Wilson, the childhood friend, argues that such critics fail to
understand McFate.

“The people we grew up around labor under the idea that no war is ever
OK. (McFate), having been an anthropologist, comes from the
understanding that war is a human impulse that’s not going away. Like
homosexuality or something that is utterly normal and has always been
there — you may object to it, but there’s no point in doing so,
because it’s not going away,” she said.

“At its core — for her — I know it’s an altruistic mission. What she
really wants is a bloodless war.”

McFate displays little patience for such critics.

“Their intentional disengagement from policy process, their uninformed
unwillingness to learn about what actually goes on in Washington,” she
said, a tone of icy exasperation briefly replacing the normal warm
amusement. “There’s a blanket condemnation without trying to
understand, which strikes me as particularly un-anthropological.”

But the most common criticism of McFate’s work is that it conflicts
with the most fundamental ethical principles of modern anthropology.

“She advocates that anthropologists should cultivate relationships of
trust with those communities in order to advise the U.S. military
apparatus how to control them,” Gusterson said.

“If you want to do what McFate is suggesting, you have an obligation
to tell people in the Sunni triangle, ‘By the way, I’m going to be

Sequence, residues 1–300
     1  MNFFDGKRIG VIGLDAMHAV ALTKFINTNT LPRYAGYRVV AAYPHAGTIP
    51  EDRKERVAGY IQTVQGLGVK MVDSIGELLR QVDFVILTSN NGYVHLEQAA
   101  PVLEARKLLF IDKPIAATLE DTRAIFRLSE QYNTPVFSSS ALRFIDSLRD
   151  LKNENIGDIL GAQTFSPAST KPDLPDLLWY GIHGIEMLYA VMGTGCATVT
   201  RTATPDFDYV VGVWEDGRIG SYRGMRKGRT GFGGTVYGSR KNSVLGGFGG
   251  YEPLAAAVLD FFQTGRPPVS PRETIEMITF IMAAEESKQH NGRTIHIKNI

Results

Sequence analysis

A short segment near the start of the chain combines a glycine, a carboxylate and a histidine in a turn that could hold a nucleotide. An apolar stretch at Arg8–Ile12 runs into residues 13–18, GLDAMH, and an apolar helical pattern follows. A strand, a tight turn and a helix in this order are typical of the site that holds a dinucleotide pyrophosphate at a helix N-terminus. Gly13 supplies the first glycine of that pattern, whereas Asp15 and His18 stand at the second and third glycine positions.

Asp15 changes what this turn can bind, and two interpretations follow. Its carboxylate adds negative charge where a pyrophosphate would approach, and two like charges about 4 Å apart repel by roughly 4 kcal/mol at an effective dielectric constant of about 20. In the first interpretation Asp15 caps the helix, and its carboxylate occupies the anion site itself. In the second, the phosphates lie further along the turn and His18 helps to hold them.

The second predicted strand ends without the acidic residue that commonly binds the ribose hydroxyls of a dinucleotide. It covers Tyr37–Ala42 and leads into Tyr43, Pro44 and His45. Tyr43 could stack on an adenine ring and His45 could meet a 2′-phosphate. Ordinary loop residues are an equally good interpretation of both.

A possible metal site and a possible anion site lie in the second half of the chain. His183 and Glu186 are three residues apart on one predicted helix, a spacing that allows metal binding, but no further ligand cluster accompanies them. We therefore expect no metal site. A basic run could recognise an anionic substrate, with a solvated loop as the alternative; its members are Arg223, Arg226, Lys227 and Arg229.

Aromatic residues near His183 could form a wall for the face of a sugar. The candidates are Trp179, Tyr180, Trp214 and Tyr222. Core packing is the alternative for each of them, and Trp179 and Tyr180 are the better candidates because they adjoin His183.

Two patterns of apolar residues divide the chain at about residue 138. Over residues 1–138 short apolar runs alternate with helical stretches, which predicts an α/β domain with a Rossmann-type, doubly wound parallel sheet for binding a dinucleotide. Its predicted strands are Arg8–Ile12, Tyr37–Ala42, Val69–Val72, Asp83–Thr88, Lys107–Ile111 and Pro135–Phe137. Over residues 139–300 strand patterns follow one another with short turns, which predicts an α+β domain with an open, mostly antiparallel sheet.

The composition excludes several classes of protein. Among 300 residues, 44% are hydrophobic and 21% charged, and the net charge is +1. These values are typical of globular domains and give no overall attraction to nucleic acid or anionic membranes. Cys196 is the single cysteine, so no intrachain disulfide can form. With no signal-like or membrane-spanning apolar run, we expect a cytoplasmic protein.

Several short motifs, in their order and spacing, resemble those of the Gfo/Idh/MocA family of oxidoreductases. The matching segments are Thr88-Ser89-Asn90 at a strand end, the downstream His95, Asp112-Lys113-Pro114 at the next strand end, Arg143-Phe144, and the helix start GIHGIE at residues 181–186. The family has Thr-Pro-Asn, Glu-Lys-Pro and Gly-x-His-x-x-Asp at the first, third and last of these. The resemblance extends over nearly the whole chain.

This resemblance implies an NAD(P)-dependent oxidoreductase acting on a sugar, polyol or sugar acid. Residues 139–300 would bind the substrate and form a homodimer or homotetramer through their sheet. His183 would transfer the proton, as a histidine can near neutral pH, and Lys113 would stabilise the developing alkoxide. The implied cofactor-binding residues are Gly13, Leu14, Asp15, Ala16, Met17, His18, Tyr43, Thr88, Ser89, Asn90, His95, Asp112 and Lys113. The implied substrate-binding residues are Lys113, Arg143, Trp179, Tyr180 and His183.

going back to Alexandria and explaining all this to Robert Gates. How
do you feel about that?’ I can’t imagine many people in the Sunni
triangle are going to talk to you then.”

For some anthropologists, like Moos, that argument is grossly

“In World War II, to study the einsatzgruppen of the SS, would you
want them to be signing statements of confidentiality?” Moos asked. “I
mean, that’s ridiculous.”

But Gonzalez argues that Moos’ question is essentially correct — and
part of the reason why anthropologists should never assist the
military, save perhaps in missions adjudged humanitarian by vote of
the association.

“It’s absolutely essential to explain clearly to potential informants
— whether they are Zapotec farmers or whether those are SS officers
— any possible risks that the work might entail for them. … No
matter how distasteful we might find what it is they do,” he said.

McFate acknowledges the inherent tension in her work, and shares the
fear of the abuse of anthropology.

Anthropologists, she said, need to balance “the anthropological
interest in protecting informants and the national security interests
of acquiring valuable information and knowledge that might potentially
hurt an informant but might protect the lives of American and foreign